Can a house that a spouse owned prior to marriage become marital property if the other spouse helped to pay off the mortgage?

UPDATED: Feb 20, 2012

Advertiser Disclosure

It’s all about you. We want to help you make the right legal decisions.

We strive to help you make confident insurance and legal decisions. Finding trusted and reliable insurance quotes and legal advice should be easy. This doesn’t influence our content. Our opinions are our own.

UPDATED: Feb 20, 2012Fact Checked

Get Legal Help Today

Compare Quotes From Top Companies and Save

secured lock Secured with SHA-256 Encryption

Can a house that a spouse owned prior to marriage become marital property if the other spouse helped to pay off the mortgage?

My mother and her husband have been married for more than 10 years. When they got married he already owned the home we lived in, however, he divorced another woman to marry my mom and had to take out a loan on the house to pay her off. My mother helped repay the loan over the 10 years. Does that make the home part hers even though her name is not on the deed?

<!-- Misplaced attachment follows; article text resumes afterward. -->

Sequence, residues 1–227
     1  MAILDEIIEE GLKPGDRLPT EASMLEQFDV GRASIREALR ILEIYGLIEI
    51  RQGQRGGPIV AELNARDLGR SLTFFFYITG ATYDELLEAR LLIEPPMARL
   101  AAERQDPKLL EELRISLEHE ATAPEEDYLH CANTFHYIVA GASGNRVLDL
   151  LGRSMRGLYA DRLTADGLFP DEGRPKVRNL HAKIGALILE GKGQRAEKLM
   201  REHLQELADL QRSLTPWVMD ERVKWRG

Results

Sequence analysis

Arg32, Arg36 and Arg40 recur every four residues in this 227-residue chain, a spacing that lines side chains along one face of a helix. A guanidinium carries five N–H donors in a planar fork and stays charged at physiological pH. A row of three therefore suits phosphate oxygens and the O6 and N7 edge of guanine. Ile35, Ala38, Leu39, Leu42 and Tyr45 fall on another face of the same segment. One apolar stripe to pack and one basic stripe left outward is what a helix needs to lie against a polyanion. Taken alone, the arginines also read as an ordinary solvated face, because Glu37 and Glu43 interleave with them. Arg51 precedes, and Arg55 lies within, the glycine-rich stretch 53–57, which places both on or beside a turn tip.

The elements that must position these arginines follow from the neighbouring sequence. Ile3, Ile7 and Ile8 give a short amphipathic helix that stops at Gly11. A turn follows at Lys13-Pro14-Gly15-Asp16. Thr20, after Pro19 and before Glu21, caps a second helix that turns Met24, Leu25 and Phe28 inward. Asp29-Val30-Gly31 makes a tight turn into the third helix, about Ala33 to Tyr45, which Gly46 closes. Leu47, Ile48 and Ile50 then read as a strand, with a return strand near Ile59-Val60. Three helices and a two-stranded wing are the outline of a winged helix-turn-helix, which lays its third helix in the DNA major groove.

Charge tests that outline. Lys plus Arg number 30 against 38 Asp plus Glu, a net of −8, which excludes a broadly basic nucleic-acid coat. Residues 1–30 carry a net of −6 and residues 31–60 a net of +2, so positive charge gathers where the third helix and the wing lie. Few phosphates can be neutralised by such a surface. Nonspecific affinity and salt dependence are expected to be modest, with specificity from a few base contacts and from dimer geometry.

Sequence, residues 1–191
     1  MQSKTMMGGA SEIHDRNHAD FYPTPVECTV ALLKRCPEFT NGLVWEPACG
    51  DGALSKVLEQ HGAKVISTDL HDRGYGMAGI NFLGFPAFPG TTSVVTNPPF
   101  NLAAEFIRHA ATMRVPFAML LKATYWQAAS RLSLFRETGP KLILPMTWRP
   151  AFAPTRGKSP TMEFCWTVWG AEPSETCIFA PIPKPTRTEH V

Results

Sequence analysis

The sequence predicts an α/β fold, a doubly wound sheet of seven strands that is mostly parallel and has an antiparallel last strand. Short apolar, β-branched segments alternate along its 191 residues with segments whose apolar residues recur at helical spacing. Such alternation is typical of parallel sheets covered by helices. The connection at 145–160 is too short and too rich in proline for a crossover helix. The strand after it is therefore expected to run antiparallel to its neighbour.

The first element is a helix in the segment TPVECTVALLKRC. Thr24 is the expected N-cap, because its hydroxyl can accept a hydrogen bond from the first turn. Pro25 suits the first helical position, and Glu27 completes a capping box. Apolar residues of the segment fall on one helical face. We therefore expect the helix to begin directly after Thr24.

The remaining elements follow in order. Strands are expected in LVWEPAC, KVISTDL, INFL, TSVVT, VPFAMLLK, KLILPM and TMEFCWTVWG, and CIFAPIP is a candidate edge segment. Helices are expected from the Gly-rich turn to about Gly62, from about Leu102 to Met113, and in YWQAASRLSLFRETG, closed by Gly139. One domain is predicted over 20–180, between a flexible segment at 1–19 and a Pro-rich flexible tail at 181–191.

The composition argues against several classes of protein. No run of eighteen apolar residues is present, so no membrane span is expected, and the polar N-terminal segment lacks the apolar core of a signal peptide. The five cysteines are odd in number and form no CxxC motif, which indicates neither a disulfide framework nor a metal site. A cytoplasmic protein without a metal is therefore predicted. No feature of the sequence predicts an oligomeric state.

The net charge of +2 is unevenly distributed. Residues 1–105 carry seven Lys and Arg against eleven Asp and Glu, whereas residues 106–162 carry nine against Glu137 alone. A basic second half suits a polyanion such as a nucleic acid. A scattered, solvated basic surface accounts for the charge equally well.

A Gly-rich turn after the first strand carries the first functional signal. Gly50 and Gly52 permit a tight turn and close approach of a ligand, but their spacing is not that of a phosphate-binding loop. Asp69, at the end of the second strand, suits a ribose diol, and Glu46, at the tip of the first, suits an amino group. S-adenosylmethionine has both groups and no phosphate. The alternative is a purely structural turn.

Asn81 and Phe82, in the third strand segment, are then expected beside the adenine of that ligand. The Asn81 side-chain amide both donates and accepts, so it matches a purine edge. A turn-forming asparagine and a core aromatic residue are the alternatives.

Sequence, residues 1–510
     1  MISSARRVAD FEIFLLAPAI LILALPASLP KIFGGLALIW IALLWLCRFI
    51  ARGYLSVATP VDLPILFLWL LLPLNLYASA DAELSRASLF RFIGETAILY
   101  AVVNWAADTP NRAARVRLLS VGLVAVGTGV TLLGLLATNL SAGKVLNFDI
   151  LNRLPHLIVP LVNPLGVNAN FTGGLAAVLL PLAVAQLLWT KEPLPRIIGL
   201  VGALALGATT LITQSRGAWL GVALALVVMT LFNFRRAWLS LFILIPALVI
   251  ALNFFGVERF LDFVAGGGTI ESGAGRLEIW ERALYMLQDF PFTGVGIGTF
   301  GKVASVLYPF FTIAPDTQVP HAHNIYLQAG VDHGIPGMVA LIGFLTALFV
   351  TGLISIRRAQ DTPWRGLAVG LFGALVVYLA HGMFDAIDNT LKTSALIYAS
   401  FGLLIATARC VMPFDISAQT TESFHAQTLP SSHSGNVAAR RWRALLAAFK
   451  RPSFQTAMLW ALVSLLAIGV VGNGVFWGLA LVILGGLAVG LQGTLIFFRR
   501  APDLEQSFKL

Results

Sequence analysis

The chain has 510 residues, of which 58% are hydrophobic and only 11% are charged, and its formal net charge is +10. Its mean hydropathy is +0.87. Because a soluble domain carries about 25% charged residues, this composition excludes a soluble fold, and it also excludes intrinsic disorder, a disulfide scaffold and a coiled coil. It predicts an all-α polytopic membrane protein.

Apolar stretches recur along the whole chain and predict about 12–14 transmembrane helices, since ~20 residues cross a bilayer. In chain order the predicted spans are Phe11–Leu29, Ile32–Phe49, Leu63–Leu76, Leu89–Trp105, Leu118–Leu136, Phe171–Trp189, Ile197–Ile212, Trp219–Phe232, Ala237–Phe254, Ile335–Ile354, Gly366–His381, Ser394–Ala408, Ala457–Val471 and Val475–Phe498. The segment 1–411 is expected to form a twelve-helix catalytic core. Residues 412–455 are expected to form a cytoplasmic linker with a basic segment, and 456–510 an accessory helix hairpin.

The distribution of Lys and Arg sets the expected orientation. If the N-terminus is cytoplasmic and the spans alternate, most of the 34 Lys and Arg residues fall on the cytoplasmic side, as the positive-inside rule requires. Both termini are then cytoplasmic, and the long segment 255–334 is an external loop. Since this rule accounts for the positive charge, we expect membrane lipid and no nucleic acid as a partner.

Asked on February 20, 2012 under Family Law, Florida


M.T.G., Member, New York Bar / FreeAdvice Contributing Attorney

Answered 10 years ago | Contributor

What will happen in the event of a divorce is that the proeprty owned will be catagorized as separate, marital and quasi-marital.  The general rule is that property purhchased prior to marriage is marital property.  Property purchased prior to marriage - or inherited - is separate property.  However, separate property can become marital property if there can be shown an intent of the parties to make it marital.  Your Mom is going to have to speak with an attorney in the area.  Good luck. 

IMPORTANT NOTICE: The Answer(s) provided above are for general information only. The attorney providing the answer was not serving as the attorney for the person submitting the question or in any attorney-client relationship with such person. Laws may vary from state to state, and sometimes change. Tiny variations in the facts, or a fact not set forth in a question, often can change a legal outcome or an attorney's conclusion. Although has verified the attorney was admitted to practice law in at least one jurisdiction, he or she may not be authorized to practice law in the jurisdiction referred to in the question, nor is he or she necessarily experienced in the area of the law involved. Unlike the information in the Answer(s) above, upon which you should NOT rely, for personal advice you can rely upon we suggest you retain an attorney to represent you.

Get Legal Help Today

Find the right lawyer for your legal issue.

secured lock Secured with SHA-256 Encryption